Jerry is 64 years old, is a James Dean fan, and suffers from a brain injury he received in his 30s. While he used to have steady work in the restaurant industry, shortly after his injury he started having seizures. One or two seizures on the job, and his employer found a way to terminate his employment. This happened over and over again, even though it’s illegal. “They’d always say business was slowing down and they had to lay me off or something,” he says, wistful. “But I don’t blame them. I mean, it’s a liability, right? What if I injured myself on the job while having a seizure?”
With less-than-steady work, he couldn’t afford rent, so Jerry couch-surfed for a while. When a friend called him and told him he needed help with his boat, which was docked here in Port Townsend, Jerry packed up his few things and drove up from Oregon to stay with his friend and work on the boat. Both of them liked it so much, they decided to stay in town instead of moving back.
But there wasn’t enough room for both of them to live on the boat long term, and Jerry found himself out on the streets in February, with no compensation for the work he’d done, and no place warm or clean to sleep. “You just dress in as many layers as possible,” he says.
Jerry tells me that when he finally was able to get a bed at the shelter, it “felt like heaven.” He adds, “I’m so thankful for this place. You have no idea.” The good news is that Jerry hasn’t had a seizure in a long time, and he’s anxious to get back to work once COVID clears and restaurants start hiring again.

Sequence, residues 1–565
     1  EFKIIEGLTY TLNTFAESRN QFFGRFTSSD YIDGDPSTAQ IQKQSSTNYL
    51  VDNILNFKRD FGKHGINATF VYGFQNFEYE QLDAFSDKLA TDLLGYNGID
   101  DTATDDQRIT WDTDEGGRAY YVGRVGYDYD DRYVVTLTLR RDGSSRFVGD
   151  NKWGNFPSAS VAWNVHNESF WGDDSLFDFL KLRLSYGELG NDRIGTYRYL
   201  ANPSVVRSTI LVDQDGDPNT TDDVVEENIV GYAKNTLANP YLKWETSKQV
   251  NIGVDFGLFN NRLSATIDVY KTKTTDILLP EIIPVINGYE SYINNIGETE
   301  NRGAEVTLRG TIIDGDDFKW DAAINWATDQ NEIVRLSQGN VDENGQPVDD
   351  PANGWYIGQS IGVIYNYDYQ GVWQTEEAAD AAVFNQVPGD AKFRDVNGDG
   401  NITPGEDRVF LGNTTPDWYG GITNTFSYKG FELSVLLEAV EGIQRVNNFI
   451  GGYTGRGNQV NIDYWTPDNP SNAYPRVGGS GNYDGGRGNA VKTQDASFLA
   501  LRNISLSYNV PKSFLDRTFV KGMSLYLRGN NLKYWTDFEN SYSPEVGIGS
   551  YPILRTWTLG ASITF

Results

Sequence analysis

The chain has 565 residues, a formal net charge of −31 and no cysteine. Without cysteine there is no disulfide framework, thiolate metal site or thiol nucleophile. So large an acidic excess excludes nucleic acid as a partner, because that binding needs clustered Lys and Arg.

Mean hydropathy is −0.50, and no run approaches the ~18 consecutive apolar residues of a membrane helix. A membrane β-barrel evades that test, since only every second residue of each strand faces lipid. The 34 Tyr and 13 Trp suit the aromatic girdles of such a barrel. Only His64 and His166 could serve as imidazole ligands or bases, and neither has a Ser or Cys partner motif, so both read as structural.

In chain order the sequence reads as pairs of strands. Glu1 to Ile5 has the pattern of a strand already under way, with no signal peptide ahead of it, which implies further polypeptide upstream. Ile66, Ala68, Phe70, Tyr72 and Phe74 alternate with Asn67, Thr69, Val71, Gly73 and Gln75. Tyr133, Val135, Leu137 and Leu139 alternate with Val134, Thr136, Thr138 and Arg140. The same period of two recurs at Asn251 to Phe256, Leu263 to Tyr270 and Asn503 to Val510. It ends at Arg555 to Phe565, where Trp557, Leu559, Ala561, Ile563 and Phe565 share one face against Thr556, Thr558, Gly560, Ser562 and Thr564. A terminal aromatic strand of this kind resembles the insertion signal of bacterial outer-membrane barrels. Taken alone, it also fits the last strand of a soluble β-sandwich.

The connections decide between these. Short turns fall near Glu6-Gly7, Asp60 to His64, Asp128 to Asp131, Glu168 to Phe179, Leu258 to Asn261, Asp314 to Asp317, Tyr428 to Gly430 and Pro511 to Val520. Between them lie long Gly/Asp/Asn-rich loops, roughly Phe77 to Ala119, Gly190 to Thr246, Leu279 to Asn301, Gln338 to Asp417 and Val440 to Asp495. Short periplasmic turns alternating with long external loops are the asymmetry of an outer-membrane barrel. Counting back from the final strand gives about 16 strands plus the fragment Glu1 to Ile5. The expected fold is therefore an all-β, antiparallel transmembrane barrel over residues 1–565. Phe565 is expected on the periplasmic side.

“You know, I used to be like all these other people,” he says. “I’d see a homeless person up ahead of me and I’d cross the street. I didn’t want to deal with them. But once you’re in this situation, you feel subhuman, you feel less than everyone else. Other people look at you …” his voice trails off and tears well in his eyes.
“I’m just saying, if you’ve never been homeless, you don’t understand what it’s like. Try living on the street for one night and see how you do. Please just think about that before you judge us.”

Robert’s story


Born and raised in Seattle, 60-year old Robert spent his working years in construction. When I asked what type of construction, he replied, “What haven’t I done?” and then laughed. He ended his career working on corporate buildings, including high rises for Microsoft and Boeing and worked on multiple projects for each company. He’s traveled around quite a bit during his life, and counts Alaska as his favorite state. “I especially liked the Inside Passage,” he says. “That was just great. Oh, and I’d put the Grand Tetons and Yellowstone on that list of favorite spots, too.”
He found his way to the shelter after falling on hard times. While his family has been able to help in the past, they just can’t help out right now, which brings him to his own bed at the shelter. “I understand,” he says when talking about his family. “I can only ask for so much from them.” On the wall above his bed, he’s posted cards and photos from his nieces and other family members, smiling faces of love shining down on him.
Robert’s quick smile and bright eyes would warm anyone’s heart. He’s friendly and well-spoken, and out-going in his modest way. When I asked what he wanted to tell others about being homeless, though, his smile faded a bit. He looked down at his hands for a moment before replying, “We’re human. Be kind to us. One kind word can make a big difference in some people’s lives.”